An initial look at mycorrhizal fungi and inoculum potential in high elevation forests


  • Kathie Swift
  • Melanie Jones
  • Shannon Hagerman



Mycorrhizae, plant nutrition, Sicamous Creek, Swift, K., M. Jones, S. Hagerman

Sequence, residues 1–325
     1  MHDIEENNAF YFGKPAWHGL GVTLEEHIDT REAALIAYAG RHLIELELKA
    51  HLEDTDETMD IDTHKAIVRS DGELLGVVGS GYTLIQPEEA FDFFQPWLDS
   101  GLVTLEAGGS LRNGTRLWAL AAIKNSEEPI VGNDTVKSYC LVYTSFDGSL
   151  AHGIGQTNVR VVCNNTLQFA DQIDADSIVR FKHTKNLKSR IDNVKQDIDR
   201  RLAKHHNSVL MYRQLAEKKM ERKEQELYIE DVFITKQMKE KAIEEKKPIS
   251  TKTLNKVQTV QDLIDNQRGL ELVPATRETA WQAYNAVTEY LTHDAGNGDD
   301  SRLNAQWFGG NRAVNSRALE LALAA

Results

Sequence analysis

Mycorrhizae are symbiotic associations that improve plant nutrition in the competitive biological communities that inhabit forest soils. The goal of this research was to determine if cutblock size and distance from the standing timber has any effect on the diversity of ectomycorrhizal fungi available for colonization of outplanted seedlings. During the winter of 1994�95, the Sicamous Creek Silvicultural Systems Study (Engelmann Spruce-Subalpine Fir Wet-Cold Biogeoclimatic Variant) was harvested. Four treatments were sampled in this study: no harvesting, 0.1-ha, 1-ha and 10-ha cutblocks. In the first summer following logging, there was no difference in the numbers or diversity of ectomycorrhizae in soil cores removed from the cutblocks and the forests. The number of ectomycorrhizae in the cutblocks decreased substantially by the second summer, and very few were present by the third summer. Moreover, the diversity of mycorrhizae was significantly reduced at a distance of 16 m or more from the forest edge. After 13 weeks of growth in the field, the number of types of mycorrhizae and the colonization levels of spruce seedlings planted several metres from the edge of the forest were significantly higher than those of seedlings planted further into the cutblocks. The management implications of this study are that there is still an active amount of mycorrhizal fungal inoculum available to seedlings shortly after harvest in the undisturbed organic horizons of the forest floor. This level remains quite high within the rooting zone of the standing timber, but decreases dramatically further into the cutblock.